May 24, 2017

Two Washington Area Hospitals Awarded National Recognitions

Betty Klinck, Adventist HealthCare

Shady Grove Medical Center in Rockville, and Washington Adventist Hospital in Takoma Park, both in Maryland, United States, received two awards each from the American Heart Association and American Stroke Association for life-saving, high-quality stroke care. This comes during National Stroke Month, when awareness is raised of the signs and symptoms of stroke, which affects 800,000 Americans a year.

Both hospitals, members of the Adventist HealthCare network, earned the Gold Plus Achievement Award in the associations’ “Get with the Guidelines-Stroke” program, which focuses on improving stroke care by promoting consistent use of the latest scientific treatment guidelines. To receive this award, each hospital achieved 85 percent or higher compliance with the program’s standards for two or more consecutive 12-month periods. In addition, both hospitals achieved 75 percent or higher compliance with five of eight quality measures.

At the same time, both hospitals received the American Heart Association’s “Target: Stroke Honor Roll Elite Plus” status for maintaining a short time period between a patient’s arrival and treatment with a clot-dissolving medication. Providing medication within the first three hours after symptoms has been shown to significantly reduce the effects of stroke and lessen the chance of permanent disability.

“As a three-time winner of this award, Shady Grove Medical Center is proud to be the leader in delivering quality stroke care to our community,” said Perry Smith, MD, neurologist and medical director of the Stroke Program. “Our comprehensive stroke team consistently demonstrates our commitment to providing quick, lifesaving care.”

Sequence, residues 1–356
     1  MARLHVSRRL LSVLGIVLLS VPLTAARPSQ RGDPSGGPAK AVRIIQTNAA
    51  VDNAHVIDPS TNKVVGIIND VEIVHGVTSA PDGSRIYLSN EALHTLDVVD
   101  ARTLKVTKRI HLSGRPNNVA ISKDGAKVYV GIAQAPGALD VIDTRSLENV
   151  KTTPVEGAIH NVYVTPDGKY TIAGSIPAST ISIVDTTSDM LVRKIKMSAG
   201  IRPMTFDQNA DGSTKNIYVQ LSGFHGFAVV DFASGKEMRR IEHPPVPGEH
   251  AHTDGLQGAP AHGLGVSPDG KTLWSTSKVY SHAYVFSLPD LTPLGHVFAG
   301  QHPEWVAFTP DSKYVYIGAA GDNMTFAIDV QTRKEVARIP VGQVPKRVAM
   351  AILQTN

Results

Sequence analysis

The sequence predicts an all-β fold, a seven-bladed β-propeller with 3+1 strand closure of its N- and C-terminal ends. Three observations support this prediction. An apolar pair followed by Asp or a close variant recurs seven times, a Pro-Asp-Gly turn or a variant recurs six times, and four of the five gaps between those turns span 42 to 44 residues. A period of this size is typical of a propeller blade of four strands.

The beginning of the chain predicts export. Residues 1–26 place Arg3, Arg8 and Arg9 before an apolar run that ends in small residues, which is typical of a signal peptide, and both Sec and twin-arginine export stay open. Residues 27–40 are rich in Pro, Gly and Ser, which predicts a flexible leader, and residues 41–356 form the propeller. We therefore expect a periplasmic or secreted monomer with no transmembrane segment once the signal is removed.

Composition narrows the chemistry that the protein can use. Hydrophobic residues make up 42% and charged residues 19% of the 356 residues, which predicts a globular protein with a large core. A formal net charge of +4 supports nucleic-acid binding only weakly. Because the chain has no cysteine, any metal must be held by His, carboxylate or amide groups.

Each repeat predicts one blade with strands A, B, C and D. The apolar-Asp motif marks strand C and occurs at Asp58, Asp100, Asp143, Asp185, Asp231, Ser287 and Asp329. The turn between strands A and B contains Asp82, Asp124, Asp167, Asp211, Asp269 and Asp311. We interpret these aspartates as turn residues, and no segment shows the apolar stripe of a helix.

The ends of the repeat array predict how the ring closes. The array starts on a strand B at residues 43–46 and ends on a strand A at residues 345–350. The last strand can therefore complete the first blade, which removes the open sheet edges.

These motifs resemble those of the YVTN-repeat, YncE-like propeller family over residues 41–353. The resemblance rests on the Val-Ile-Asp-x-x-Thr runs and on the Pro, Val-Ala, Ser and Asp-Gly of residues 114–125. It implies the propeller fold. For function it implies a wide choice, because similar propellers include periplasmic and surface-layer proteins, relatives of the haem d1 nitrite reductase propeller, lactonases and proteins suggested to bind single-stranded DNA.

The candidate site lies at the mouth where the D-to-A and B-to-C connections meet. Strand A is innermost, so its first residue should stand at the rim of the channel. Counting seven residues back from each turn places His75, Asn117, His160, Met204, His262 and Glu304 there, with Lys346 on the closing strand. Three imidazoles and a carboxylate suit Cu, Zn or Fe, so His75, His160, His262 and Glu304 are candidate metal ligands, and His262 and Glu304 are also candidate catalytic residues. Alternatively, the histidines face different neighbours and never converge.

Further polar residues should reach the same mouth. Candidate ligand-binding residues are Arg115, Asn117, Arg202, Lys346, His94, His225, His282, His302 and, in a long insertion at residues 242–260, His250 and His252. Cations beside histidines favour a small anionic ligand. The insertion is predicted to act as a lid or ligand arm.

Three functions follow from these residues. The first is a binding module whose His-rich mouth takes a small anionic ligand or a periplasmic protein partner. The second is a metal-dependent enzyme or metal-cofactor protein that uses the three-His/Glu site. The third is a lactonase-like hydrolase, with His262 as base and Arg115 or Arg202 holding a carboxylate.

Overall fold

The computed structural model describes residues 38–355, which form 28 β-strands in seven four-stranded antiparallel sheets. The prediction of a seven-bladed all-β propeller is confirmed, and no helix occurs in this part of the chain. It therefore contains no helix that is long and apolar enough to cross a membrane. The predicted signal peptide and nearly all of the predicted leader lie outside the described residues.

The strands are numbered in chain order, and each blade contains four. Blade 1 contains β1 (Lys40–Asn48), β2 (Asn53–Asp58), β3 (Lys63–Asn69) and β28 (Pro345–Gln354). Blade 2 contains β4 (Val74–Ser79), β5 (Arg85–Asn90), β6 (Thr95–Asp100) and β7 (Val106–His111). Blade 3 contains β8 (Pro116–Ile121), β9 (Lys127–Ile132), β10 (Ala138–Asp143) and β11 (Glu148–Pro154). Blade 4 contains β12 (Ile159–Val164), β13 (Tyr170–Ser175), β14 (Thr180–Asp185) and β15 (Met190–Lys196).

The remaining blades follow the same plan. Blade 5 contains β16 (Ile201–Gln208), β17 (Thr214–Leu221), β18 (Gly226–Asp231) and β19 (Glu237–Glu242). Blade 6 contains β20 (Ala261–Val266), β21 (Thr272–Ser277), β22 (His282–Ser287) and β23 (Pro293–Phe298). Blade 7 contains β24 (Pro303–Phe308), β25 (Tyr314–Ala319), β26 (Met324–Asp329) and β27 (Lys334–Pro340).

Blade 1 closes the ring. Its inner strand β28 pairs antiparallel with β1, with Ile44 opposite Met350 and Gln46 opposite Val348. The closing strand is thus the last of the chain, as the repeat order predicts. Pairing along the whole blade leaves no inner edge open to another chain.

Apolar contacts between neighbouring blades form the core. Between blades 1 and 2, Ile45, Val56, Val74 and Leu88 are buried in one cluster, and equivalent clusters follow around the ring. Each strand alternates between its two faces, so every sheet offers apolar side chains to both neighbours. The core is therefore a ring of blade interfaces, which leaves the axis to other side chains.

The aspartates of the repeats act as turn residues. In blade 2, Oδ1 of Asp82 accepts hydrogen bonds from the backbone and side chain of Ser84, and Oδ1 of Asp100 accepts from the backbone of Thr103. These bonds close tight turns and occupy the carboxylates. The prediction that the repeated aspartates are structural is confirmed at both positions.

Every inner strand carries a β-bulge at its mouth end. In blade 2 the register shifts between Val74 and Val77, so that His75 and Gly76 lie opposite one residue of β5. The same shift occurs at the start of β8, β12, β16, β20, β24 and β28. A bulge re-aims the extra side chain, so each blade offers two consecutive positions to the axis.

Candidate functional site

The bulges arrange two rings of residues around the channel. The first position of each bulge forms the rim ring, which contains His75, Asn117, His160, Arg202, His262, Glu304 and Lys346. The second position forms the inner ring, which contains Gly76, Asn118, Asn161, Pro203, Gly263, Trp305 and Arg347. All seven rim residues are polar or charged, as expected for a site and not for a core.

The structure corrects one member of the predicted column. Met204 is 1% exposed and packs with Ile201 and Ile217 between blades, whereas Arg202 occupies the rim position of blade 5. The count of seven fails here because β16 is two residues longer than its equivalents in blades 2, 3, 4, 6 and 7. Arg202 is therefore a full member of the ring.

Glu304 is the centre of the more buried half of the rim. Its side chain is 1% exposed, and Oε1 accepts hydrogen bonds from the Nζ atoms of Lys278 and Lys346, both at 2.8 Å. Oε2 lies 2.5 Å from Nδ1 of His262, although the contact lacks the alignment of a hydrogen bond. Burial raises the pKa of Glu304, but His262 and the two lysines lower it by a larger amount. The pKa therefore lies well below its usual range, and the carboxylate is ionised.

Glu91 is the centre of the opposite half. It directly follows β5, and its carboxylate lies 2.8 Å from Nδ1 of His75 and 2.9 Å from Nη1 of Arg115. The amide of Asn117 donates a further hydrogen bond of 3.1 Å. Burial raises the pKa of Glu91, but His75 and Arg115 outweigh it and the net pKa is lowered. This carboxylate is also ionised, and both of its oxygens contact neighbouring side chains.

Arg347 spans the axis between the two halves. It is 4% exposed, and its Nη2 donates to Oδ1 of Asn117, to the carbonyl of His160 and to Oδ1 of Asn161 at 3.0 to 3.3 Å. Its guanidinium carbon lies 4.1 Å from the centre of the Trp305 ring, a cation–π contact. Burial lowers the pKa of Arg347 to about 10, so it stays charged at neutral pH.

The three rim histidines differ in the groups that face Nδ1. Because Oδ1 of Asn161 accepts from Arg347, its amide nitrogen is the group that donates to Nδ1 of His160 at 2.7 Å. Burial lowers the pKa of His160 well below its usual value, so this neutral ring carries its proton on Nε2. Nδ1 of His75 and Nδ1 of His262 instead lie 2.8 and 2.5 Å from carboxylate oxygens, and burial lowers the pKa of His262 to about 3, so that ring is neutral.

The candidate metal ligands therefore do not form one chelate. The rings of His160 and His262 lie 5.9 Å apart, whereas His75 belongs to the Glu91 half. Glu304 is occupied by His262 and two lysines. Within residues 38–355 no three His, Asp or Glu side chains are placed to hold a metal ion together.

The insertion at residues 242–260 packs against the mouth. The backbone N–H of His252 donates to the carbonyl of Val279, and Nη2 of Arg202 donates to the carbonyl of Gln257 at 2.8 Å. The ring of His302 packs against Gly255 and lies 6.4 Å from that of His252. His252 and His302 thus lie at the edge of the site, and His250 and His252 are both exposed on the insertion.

Both hospitals have long been recognized as leading stroke care facilities in the region, designated since 2011 as Primary Stroke Centers by the Maryland Institute for Emergency Medical Services. Maintaining the designations requires each hospital to establish a rapid and coordinated team approach to stroke care, in addition to meeting requirements relating to timeliness of care and community education.

“Our community can take comfort in knowing they have access to award-winning stroke care nearby at Washington Adventist Hospital,” said Daisy Bui, MD, a neurologist and medical director of the Stroke Program. “Our expert team is committed to providing fast, efficient, coordinated stroke care, which helps prevent serious brain damage and save lives when even minutes can make a difference.”

According to the American Heart Association/American Stroke Association, stroke is the number five cause of death and a leading cause of adult disability in the United States. On average, someone in the U.S. suffers a stroke every 40 seconds, and someone dies of a stroke every four minutes.

An original version of this story was published in the Columbia Union Visitor.